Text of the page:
It is because Al Wefaq has lobbied for equality for all, irrespective of religious affiliation or school of thought, social status or even ethnicity that Manama has directed its wrath against the party’s most prominent leader, Sheikh Ali Salman.

As Secretary General of Al Wefaq, Sheikh Salman is a pivotal figure in Bahrain’s revolutionary movement. He has been languishing in jail on trumped up charges on account of his political activism and exposure of Bani Khalifa’s human rights abuses. But handcuffs and window bars have not weakened Bahrain’s resolve to claim its freedom.

Speaking to his wife from prison, Sheikh Salman told his supporters: “The handcuffs and all this only strengthens our determination to demand our rights so that this generation and the coming generation rest reassured about themselves and their futures.” Such strength and nobility of character are not only humbling for others but also provide hope and determination. How can the liberation of Bahrain be anything but a matter of time when such men are leading the movement?

One cannot but contrast the noble and courageous characters of the likes of Sheikh Ali Salman, Abdulhadi al-Khawaja, Zeynab Al Khawaja, Nabeel Rajab, Hussain Jawad and many others with that of King Hamad ibn Issa. The latter stands exposed as a villain vainly trying to crush the God-given rights of the people in order to prolong his miserable existence as ‘king’ for a few more days or weeks.

The people of Bahrain take comfort in the words of Sheikh Salman that he eloquently expressed to his beloved daughter Naba: “The sun is a great blessing that Allah created for all people, and no one can monopolize it and deny others from enjoying it. No one has the right to block the sun from anyone by imprisoning him or her. This country is like the sun, it is a blessing from Allah, and a right for everyone, and its resources are for the benefit of everyone, without any monopolization or discrimination.”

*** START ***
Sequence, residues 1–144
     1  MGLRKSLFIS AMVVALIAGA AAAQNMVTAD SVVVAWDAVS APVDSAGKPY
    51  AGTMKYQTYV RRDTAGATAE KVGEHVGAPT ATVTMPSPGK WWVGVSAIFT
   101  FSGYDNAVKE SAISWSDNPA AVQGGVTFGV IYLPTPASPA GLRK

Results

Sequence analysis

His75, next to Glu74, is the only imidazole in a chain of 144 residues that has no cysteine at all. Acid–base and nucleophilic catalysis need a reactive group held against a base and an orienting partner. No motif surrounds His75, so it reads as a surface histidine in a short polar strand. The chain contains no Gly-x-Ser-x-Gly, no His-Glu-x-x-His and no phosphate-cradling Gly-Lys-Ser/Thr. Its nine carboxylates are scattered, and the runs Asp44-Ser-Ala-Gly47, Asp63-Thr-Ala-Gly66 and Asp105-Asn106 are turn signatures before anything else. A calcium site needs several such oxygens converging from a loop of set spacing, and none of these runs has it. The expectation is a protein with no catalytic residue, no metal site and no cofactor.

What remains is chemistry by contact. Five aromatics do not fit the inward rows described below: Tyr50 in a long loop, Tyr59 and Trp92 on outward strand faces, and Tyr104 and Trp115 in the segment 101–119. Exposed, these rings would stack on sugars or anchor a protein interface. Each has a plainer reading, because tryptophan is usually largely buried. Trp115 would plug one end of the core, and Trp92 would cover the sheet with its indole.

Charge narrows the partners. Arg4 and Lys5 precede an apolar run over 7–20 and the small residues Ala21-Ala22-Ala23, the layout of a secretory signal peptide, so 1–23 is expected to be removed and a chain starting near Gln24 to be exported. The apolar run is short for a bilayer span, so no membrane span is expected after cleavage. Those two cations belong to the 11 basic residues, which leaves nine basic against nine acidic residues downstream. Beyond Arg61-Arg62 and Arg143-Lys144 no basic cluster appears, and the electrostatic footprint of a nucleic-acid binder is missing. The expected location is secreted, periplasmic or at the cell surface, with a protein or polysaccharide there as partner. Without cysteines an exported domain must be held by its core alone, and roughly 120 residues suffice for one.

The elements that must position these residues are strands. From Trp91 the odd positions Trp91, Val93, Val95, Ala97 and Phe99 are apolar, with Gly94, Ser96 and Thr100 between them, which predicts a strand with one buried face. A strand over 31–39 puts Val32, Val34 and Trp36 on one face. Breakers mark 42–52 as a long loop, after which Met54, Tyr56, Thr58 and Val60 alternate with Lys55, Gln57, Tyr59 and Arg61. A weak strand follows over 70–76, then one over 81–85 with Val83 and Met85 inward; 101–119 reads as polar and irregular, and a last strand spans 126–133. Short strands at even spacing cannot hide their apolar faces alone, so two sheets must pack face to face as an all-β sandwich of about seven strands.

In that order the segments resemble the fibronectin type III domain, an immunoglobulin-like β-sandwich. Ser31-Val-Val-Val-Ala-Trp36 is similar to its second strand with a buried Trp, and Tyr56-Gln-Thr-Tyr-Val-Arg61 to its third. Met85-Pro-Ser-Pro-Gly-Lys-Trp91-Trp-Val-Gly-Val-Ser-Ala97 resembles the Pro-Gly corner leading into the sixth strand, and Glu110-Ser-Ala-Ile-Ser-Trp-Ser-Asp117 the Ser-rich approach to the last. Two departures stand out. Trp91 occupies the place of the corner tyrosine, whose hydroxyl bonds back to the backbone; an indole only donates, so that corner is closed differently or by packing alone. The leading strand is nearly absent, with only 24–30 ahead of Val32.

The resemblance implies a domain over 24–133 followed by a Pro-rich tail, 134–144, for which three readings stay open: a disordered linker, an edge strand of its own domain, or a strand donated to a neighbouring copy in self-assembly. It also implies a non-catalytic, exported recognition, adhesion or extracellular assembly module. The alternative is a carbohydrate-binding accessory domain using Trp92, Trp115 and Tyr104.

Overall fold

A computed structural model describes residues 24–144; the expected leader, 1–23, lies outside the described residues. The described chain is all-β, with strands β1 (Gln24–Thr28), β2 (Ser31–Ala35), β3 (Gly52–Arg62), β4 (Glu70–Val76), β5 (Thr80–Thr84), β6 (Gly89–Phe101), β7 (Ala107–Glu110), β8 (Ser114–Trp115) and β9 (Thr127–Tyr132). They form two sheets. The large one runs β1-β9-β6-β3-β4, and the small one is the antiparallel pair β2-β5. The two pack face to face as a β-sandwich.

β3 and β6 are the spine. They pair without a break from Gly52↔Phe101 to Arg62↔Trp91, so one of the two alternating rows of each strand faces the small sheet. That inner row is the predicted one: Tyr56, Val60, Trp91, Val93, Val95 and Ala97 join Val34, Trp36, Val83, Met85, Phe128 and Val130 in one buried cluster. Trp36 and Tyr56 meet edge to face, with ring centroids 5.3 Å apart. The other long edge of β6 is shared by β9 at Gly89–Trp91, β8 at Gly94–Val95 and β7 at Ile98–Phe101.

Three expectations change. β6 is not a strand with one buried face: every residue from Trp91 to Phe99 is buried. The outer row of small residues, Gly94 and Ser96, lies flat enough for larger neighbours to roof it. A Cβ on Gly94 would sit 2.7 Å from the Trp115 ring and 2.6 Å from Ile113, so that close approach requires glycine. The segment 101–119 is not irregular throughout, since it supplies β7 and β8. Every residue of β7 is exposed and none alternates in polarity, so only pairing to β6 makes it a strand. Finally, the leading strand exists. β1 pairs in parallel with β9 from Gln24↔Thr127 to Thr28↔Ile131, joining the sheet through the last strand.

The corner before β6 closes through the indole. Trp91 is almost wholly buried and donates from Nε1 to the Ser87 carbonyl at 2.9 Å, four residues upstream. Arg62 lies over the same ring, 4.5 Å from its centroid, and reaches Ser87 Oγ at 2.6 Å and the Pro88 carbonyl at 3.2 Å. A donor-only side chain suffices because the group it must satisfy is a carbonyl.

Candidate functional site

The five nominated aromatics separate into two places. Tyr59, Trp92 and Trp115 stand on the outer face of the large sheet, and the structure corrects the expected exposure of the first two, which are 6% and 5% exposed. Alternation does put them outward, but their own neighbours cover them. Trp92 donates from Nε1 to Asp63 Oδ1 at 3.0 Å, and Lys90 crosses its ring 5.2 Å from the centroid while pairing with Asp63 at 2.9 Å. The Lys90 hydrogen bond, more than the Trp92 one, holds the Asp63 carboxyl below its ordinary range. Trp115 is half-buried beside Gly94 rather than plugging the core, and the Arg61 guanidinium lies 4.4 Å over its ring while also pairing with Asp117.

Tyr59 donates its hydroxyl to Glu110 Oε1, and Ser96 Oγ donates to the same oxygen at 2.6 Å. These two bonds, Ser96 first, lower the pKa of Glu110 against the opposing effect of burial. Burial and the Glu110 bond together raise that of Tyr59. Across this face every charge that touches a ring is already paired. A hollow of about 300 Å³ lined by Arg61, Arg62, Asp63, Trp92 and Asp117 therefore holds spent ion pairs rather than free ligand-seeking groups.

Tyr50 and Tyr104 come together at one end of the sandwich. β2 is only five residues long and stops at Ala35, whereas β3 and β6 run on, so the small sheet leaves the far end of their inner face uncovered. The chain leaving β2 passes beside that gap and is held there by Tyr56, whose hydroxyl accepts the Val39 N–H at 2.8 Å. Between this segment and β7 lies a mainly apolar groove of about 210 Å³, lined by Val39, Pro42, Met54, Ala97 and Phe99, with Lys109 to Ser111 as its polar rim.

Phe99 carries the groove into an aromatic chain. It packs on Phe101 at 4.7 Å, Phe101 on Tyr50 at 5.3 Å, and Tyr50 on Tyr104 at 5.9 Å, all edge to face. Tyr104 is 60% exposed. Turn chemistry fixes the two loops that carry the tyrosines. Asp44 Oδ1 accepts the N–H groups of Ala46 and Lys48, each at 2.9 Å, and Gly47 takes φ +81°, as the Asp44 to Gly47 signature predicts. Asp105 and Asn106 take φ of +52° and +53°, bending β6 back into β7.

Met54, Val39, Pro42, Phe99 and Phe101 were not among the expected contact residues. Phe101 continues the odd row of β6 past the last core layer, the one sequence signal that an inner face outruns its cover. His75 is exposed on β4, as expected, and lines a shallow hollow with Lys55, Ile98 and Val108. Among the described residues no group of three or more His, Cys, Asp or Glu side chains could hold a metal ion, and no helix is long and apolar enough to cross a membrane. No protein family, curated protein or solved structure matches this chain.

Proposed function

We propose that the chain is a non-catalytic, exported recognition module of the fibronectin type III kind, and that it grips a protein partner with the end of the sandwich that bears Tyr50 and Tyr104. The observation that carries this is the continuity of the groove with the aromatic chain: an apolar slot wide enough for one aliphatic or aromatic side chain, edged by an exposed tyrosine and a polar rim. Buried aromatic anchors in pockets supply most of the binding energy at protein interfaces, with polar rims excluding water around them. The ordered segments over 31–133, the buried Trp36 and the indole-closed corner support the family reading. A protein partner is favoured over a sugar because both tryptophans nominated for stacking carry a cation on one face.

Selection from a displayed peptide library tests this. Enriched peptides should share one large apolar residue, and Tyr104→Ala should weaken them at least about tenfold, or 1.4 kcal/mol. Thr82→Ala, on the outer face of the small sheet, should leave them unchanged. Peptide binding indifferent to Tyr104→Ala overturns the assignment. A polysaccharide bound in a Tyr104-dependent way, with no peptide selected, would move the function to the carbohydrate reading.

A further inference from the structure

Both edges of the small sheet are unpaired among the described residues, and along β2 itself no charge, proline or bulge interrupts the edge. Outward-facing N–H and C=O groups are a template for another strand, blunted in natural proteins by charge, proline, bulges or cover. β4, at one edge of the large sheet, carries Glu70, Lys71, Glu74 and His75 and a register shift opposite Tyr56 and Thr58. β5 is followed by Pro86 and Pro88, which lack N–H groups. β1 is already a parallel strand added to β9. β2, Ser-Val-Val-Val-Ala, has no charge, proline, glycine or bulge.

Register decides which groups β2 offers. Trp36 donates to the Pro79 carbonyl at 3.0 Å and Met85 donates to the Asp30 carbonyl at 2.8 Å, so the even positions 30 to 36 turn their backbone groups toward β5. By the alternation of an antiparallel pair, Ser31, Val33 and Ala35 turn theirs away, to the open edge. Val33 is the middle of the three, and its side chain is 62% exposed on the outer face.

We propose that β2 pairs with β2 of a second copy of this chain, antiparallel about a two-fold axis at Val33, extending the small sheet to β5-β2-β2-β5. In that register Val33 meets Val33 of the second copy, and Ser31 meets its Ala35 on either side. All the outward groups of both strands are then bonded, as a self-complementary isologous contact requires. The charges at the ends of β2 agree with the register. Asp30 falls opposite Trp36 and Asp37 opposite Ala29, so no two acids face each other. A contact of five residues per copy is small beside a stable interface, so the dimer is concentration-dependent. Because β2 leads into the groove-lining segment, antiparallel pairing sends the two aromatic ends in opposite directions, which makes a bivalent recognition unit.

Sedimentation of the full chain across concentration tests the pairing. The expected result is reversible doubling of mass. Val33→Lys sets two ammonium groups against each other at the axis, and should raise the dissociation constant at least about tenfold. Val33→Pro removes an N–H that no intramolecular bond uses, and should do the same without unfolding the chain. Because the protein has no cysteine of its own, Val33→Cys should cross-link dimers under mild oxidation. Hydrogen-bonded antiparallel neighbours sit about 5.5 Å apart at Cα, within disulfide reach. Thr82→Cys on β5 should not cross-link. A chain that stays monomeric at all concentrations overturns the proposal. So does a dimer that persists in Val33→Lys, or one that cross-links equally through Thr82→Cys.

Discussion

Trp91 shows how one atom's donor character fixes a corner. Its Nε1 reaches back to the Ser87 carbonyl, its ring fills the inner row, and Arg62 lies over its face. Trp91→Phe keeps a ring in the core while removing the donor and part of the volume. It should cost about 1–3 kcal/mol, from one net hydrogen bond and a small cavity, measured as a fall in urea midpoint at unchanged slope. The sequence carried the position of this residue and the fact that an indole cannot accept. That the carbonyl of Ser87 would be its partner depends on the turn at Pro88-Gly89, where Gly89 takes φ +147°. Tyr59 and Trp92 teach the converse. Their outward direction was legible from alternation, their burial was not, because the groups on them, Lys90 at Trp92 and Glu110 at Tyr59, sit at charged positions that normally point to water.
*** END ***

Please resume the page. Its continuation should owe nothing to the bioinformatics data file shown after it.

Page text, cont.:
Bahrain (meaning the two seas) lies between two seas, that of the earth and the sky. Its prayers wait, filled with hope and unspoken fervor.

Under the rule of a despot, this tiny state waits to find its natural place by being built. Bahrain was never home to the much-maligned and dreaded “Shia revival”. Its revolution was not intended as yet another fracture to an already fragmented society. The Bahrainis’ most cherished ambition is to proclaim their nation whole and erase those engineered socio-political and religious barriers that the Khalifa regime has worked so hard on perpetuating.

Tarring Bahrain’s struggle with a sectarian brush is exactly what Manama has strived for. The logic behind this rationale is actually simple. By painting the people’s struggle as a Shi‘i uprising, the Khalifa regime has been able to hedge western powers’ fear of Iran to its benefit, projecting its own rule as the only alternative to protect the current regional power dynamics.

The Western powers’ eagerness to wage war on the Bahrainis by supplying military hardware to the Khalifas testifies to the effectiveness of such strategy. But guns may be able to kill people they cannot kill ideas. And Bahrain has plenty of them.

Whether the British installed and now American-propped royals care to admit or not, the people of Bahrain will ultimately fulfill their long-cherished goals because real power lies in popular legitimacy.

Article from

Crescent International Vol. 44, No. 8

Dhu al-Hijjah 17, 14362015-10-01